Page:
MANILA, Philippines - The Department of Agriculture (DA) is inclined to recommend to the Tariff Commission the imposition of a provisional duty on Turkish flour while public hearings on the concerns of small flour millers and community bakers are conducted.
Agriculture Secretary Proceso Alcala said that based on the assessment of the Philippine agriculture office in Turkey, the domestic price of Turkish flour was found to be lower than its selling price in the Philippines.
Dumping occurs when a country exports a commodity at prices lower than its domestic prices.
“I have already signed an administrative order which is effective immediately,” Alcala told reporters Wednesday night.
“A 20 percent duty can be imposed (on Turkish flour) so there can be a level playing field for the meantime. We have had initial consultations on this,” he said, noting that the issue has been around for quite some time.
Local flour millers represented by the Philippine Association of Flour Millers (PAFMIL) is petitioning the Agriculture department to look into the alleged dumping of Turkish flour into the country and to recommend to the Tariff Commission to raise the import duty on Turkish flour to 20 percent from the current seven percent.
PAFMIL represents RFM Corporation, Liberty Flour Mills, Wellington Flour Mills, Universal Robina Corp., General Milling Corp., Philippine Four Mills and Pilmico Foods Corp.
The move to raise flour tariff is being opposed by a group of community bakers represented by the Filipino-Chinese Bakery Association (FCBA), who argue that small bakeries cannot cope with higher operating costs and may have to lay off employees or close shop.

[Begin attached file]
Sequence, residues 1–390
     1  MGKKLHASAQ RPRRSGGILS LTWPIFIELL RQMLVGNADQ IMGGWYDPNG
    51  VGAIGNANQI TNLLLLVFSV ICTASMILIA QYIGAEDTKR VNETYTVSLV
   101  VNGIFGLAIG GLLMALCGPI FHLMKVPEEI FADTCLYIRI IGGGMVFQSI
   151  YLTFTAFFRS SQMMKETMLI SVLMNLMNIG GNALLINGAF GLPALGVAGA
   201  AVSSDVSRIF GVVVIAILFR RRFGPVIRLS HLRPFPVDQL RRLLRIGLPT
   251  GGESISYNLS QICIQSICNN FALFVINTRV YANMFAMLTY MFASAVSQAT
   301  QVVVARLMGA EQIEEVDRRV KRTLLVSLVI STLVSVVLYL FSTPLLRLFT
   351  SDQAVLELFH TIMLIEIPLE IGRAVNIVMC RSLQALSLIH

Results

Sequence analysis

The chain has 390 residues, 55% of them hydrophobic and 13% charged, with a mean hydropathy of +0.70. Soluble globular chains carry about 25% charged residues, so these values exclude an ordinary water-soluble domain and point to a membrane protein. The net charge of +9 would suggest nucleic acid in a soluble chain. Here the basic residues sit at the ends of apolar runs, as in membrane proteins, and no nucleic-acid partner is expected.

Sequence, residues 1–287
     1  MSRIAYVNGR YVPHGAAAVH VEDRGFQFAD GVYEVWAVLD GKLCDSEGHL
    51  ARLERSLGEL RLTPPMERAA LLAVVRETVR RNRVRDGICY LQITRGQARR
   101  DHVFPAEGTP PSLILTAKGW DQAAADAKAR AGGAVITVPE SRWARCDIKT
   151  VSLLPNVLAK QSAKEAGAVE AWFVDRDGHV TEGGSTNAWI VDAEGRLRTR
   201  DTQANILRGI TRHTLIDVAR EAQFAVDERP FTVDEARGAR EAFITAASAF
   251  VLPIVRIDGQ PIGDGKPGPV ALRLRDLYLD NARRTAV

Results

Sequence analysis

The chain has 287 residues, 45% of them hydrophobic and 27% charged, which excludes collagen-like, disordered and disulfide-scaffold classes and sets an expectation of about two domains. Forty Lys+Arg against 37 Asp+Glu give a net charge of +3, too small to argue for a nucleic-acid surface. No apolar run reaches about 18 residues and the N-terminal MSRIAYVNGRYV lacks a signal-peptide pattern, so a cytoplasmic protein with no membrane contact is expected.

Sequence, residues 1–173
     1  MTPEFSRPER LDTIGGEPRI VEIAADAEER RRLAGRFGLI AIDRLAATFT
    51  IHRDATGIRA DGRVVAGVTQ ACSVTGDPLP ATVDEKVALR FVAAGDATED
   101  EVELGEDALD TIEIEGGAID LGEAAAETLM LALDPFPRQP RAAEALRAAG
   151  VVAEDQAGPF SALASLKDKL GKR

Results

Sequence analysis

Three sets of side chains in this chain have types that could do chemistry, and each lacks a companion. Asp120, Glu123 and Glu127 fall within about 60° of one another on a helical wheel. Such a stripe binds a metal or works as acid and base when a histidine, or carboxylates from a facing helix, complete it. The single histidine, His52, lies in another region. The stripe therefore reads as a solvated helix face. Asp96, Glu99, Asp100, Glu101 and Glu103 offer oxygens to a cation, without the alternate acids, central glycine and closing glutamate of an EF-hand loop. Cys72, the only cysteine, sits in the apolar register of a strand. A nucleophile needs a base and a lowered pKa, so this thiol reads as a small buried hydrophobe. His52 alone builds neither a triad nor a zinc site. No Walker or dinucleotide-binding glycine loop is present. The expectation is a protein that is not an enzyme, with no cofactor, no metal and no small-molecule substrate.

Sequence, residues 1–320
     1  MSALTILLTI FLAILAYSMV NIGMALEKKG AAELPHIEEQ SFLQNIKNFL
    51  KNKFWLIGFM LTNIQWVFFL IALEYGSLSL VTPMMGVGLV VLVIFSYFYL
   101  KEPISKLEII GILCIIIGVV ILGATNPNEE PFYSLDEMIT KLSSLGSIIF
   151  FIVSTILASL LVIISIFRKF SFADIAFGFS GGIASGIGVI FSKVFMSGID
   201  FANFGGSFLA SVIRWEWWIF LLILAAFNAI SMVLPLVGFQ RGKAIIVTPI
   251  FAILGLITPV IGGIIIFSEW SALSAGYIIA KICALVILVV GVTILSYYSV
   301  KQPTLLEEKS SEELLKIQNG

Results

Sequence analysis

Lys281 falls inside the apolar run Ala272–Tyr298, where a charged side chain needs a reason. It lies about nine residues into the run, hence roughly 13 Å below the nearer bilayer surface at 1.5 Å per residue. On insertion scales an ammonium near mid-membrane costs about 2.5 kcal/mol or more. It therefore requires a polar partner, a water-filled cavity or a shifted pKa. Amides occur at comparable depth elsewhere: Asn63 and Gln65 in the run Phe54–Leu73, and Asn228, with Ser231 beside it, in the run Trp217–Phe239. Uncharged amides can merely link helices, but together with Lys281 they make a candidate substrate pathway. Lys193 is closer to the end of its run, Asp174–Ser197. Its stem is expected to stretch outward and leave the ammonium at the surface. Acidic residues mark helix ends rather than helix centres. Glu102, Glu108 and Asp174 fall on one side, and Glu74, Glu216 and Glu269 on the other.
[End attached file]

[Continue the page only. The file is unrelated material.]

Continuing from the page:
The small bakeries warned they would also have to raise the prices of bread and other flour-based products if import duty on Turkish flour is increased.
Alcala said PAFMIL has assured the DA that they would not raise prices once the issue is addressed.
“What’s good about this is that flour millers have given us a guarantee that they will not increase prices,” he said.
PAFMIL executive director Ric Pinca said their member companies are prepared to increase production with increased domestic demand if higher duty is imposed on Turkish flour.
The group also promised not to raise prices and maintain a stable supply.
Pinca said that because of the influx of cheap Turkish flour, PAFMIL member companies only use 50 percent of their factory capacities.
PAFMIL argued the supposed dumping of Turkish flour into the country is a violation of World Trade Organization (WTO) rules.
PAFMIL said that as of Nov. 2012, Turkish flour is sold in the Philippines for $348 per metric ton (MT) against a domestic price of $470 per MT.